Spotting a Risky Investment

ratesIt is now much easier than it was to spot a risky investment. On 1 March, 2010 it became compulsory for all non-bank deposit takers (including finance companies, building societies and credit unions) to have a credit rating from an approved rating agency such as Standard & Poor, Moody or Fitch.

The exceptions are those deposit takers with less than $20 million in deposits. Investors now have an objective, independent measure of the likelihood that these organizations will fail. Of course, rating agencies sometimes get it wrong and it is possible that a company will provide information to the rating agency that is incorrect or misleading. Ratings are based on statistical probability, but sometimes even a highly rated institution will fail in unusual circumstances. Nevertheless, investors are now better able to make informed decisions about where to invest their money.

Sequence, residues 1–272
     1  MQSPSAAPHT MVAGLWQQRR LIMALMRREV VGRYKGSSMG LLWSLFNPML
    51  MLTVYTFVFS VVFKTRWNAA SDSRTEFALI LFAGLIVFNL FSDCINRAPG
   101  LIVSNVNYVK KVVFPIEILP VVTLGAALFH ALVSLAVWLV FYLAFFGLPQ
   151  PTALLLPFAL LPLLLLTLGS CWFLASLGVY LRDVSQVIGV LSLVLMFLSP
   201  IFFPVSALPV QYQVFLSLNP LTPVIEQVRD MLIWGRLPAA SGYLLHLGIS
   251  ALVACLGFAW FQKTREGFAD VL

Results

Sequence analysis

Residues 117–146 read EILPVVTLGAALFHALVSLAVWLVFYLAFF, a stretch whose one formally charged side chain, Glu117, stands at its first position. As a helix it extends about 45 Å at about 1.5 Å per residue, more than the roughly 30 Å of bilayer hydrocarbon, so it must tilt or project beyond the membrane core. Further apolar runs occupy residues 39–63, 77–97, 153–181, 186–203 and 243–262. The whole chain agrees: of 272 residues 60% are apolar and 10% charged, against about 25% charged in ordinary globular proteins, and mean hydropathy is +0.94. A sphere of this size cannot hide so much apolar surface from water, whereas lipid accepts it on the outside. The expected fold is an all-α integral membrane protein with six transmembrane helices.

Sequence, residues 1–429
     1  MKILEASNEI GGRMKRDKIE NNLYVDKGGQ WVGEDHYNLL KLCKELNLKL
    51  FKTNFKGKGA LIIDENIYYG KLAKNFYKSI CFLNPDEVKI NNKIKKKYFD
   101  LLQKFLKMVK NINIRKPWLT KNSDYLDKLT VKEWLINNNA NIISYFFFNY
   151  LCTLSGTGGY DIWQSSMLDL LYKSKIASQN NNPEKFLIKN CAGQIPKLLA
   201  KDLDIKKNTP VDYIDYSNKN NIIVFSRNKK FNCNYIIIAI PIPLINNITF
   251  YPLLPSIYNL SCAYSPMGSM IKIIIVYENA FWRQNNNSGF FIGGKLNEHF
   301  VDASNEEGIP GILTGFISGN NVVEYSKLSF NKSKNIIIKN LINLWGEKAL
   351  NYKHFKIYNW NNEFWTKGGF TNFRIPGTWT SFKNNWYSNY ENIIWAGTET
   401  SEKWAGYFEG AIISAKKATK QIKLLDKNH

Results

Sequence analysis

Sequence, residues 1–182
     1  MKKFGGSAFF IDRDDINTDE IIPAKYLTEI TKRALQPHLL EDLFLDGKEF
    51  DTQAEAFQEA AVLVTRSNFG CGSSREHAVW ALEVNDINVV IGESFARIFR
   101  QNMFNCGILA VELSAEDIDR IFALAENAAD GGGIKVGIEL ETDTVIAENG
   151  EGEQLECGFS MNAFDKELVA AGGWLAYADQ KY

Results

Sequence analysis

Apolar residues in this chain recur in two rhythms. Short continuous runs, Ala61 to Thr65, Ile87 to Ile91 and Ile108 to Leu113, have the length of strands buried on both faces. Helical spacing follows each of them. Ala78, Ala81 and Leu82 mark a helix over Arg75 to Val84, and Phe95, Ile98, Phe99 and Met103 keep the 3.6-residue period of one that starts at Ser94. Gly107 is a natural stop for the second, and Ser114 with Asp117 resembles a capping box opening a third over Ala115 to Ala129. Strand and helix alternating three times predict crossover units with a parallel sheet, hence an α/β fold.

Ratings range from AAA (extremely strong) to BBB (adequate) to D (Default). The probability of default over a five year period is 1 in 600 for AAA and 1 in 30 for BBB. The minimum rating that is considered to be investment grade is BBB- and the minimum for a deposit taker to be eligible for a Government guarantee is BB. There are only three non-bank institutions with investment grade ratings and these are UDC Finance, Medical Securities Ltd and Oxford Finance. A number of others, including PSIS, South Canterbury Finance, and Marac have lower ratings with a default rate of between 1 in 10 and 1 in 30 over a five year period.

A full list of credit ratings can be found on the Reserve Bank’s website, or on The Reserve Bank also has a fact sheet on credit ratings available. Ratings can change over time, so it always pays to check the most current ratings before investing.

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